The Rise of Light
August 17, 2021
Author: Olivia Hawker
Publisher: Lake Union Publishing
Editions: Hardcover, Trade Paperback, Ebook, Audiobook
ISBN (Hardcover): 978-1542022453
Short Summary: In rural Idaho during the summer of 1975, one family struggles with faith, tradition, and the need to break away.
A powerful novel about the expectations of family―and the risks and liberation of defying them―by the Washington Post bestselling author of One for the Blackbird, One for the Crow.
1975. In the town of Rexburg, Idaho, aspiring artist Aran Rigby, his younger sister, Tamsin, and their two brothers are locked in orbit around their emotionally abusive father. Gad is the kind of man who soothes the failures of his own life by controlling the lives of others. But Aran and Tamsin are united in rebellion against their father. They understand each other. They have dreams beyond their small town.
Arriving in Rexburg is Linda Duff, an outsider from Seattle hoping to plant new roots far from the bitter ones of her childhood. She’s quickly taken with Aran, in no small part because of his talent. But when they fall in love, Linda is drawn into a family more damaged than the one she left behind. She also becomes privy to a secret Aran and Tamsin share that could dismantle everything everyone holds dear.
Upsetting the precarious balance in the Rigby home, Linda becomes an unwitting catalyst for the upheaval of Gad’s oppression. Now it’s time for them all to break free of the past, overcome the unforgivable, and find a new way forward―whatever the price.
About the Author
Olivia Hawker is the Washington Post bestselling author of The Ragged Edge of Night and One for the Blackbird, One for the Crow.
Her books have reached more than half a million readers and have been translated into four languages. Blackbird was a finalist for the Washington State Book Award, the WILLA Literary Award for Historical Fiction, and was one of Amazon's Top 100 Bestselling Books of 2020.
Olivia's work is characterized by rich, immersive detail and complex characters. Her interest in genealogy often informs her work--like her two previous novels, The Rise of Light is based on a true story from the author's family history.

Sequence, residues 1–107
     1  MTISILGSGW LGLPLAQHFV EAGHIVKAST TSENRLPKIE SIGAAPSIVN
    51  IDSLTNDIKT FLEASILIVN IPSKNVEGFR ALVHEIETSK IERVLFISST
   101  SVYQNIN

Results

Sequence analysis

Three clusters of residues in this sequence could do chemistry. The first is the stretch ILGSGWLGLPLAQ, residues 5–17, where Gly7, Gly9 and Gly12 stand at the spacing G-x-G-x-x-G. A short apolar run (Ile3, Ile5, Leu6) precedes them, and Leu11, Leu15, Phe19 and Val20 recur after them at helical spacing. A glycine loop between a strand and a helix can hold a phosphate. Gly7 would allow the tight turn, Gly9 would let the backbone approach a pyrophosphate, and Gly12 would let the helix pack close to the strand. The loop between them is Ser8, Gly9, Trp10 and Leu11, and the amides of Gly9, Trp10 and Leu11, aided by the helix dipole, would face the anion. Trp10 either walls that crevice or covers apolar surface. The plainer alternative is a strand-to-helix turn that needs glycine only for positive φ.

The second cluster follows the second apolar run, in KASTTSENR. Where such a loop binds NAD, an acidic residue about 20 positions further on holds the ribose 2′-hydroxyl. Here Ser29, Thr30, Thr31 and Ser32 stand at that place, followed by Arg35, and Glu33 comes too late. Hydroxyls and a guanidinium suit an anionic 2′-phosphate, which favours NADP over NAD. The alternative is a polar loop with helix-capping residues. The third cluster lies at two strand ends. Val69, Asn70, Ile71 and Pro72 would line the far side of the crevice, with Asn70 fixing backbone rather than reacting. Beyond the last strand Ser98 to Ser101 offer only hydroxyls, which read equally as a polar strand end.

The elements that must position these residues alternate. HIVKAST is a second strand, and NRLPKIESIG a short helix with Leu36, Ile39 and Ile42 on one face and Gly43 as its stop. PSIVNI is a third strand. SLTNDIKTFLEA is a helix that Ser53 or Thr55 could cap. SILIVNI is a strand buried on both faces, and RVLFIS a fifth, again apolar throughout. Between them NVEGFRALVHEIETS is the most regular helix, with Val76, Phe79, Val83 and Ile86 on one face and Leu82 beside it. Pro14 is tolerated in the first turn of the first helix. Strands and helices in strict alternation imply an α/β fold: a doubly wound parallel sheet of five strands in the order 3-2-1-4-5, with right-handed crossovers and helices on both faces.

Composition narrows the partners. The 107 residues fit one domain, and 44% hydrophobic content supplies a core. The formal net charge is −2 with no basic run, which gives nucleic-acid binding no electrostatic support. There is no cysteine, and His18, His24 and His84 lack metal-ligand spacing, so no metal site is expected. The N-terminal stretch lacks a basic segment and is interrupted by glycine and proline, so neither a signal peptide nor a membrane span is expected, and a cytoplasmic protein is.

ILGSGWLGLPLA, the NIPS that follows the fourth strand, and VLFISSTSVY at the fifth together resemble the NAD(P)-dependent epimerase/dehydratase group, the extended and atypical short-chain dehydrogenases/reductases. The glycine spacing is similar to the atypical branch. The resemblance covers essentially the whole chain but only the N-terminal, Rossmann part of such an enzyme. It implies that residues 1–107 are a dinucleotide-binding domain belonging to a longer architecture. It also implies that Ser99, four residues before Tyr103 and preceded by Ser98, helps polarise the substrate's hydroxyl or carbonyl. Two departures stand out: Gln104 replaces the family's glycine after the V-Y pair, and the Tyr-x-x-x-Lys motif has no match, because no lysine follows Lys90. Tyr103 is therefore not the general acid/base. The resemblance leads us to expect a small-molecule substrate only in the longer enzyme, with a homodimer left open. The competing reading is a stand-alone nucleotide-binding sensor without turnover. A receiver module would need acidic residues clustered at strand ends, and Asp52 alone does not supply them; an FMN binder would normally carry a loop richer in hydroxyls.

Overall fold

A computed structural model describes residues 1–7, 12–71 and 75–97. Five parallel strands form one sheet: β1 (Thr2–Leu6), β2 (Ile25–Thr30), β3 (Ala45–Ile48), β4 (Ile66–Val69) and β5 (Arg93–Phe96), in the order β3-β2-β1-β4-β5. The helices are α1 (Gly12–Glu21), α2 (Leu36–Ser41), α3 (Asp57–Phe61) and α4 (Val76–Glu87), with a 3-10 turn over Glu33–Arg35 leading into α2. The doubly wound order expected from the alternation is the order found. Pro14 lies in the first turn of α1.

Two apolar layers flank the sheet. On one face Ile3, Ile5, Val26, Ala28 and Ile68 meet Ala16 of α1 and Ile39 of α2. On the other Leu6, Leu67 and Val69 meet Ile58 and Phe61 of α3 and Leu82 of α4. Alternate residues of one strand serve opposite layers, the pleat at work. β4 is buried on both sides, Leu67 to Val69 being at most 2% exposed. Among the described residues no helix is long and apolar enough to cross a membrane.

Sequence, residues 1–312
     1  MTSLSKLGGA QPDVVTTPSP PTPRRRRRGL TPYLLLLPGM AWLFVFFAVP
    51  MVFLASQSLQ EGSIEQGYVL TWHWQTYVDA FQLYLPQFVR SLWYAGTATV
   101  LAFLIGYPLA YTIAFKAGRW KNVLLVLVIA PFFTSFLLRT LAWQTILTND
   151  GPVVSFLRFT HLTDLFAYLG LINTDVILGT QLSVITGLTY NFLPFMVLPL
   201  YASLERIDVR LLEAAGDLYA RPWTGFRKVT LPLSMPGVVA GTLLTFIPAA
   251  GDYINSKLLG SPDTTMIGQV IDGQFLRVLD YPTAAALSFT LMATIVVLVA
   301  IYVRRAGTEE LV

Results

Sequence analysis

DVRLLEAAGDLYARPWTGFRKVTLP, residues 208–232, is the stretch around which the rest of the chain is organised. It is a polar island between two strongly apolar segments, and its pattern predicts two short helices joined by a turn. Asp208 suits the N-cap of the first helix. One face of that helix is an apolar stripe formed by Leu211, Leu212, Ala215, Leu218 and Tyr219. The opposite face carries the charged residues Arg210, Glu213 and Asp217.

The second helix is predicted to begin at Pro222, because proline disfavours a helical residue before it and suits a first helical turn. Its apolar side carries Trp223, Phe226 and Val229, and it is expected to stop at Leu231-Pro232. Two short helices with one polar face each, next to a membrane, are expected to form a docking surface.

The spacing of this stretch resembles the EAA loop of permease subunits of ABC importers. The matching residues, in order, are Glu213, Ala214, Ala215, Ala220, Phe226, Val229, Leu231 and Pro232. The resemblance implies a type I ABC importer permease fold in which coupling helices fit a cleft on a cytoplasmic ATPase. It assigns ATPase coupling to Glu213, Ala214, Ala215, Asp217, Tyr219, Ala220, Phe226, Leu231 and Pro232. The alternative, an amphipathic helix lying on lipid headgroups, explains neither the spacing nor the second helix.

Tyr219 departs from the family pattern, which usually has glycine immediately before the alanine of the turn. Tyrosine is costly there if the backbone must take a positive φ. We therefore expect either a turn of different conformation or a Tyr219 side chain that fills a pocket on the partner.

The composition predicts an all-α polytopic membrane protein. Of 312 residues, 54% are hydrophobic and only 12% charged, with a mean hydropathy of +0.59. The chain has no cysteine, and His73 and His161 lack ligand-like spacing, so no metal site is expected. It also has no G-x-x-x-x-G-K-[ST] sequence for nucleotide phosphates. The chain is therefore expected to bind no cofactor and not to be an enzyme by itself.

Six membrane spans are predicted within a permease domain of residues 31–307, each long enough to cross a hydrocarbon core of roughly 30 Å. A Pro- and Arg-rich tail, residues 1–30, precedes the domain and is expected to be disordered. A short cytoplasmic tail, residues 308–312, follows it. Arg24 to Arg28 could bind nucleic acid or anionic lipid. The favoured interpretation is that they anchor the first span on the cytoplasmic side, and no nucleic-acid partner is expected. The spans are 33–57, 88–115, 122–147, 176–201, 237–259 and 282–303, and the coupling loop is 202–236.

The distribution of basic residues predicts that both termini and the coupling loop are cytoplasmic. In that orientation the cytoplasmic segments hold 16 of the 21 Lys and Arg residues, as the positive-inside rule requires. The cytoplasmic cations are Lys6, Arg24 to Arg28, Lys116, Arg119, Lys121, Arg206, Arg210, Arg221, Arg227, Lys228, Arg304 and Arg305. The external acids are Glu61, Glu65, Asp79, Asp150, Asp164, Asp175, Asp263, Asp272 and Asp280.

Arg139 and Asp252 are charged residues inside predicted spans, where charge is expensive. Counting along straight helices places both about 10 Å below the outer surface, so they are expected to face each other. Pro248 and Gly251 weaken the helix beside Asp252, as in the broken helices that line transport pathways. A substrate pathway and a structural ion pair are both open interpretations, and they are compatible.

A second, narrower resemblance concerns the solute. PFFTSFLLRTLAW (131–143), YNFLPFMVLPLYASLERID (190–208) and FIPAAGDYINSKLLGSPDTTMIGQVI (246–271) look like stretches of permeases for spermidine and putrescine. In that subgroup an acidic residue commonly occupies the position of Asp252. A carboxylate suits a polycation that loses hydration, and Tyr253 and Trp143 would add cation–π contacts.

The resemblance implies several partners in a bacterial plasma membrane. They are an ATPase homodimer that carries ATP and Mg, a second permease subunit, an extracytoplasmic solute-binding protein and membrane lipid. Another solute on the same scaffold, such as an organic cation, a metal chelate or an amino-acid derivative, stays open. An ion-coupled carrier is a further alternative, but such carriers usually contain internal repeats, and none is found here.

She lives in the San Juan Islands of Washington State.
Short author bio: Olivia Hawker is the bestselling author of One for the Blackbird, One for the Crow, a finalist for the Washington State Book Award. Like her previous novels, The Rise of Light is based on a true story from the author's family history.
Sample Interview Questions
Q: The Rise of Light is set among Latter-Day Saint (Mormon) culture. Do you have any connection to the LDS religion? A: I was raised in a Mormon family, and in fact I was born and spent a significant portion of my childhood in Rexburg, Idaho, where the book is set. I'm from an old LDS family. My Mormon ancestors go all the way back to the founding of the church. So although I am no longer a practicing Latter-Day Saint, I have a lot of familiarity with the culture and a very deep connection to it.
Q: What inspired you to set your novel in Rexburg? A: I grew up hearing stories about the flood that devastated my hometown in 1976. I've always found that flood strangely compelling--maybe because Rexburg is kind of dry and out in the middle of nowhere, and it's the last place you'd ever think a major flood could occur. It's such a shocking, unexpected disaster to befall that particular town. So I knew I wanted to tell a story in which the Teton Dam flood could play a part, but once I began playing around with characters and trying out scenarios, the book really grew beyond the flood and became deeply involved with the dysfunction of one family. The Rigbys are a family in which the siblings are all adults now--or close to it--and the parents don't quite know how to cope with the shifting dynamics of power and influence among their children and between themselves. The flood is still there, but it's a book about more than just this real disaster that befell a real town. It's about other kinds of disasters, too... crises of faith and the very particular kind of danger that can result when secrets become too big to keep.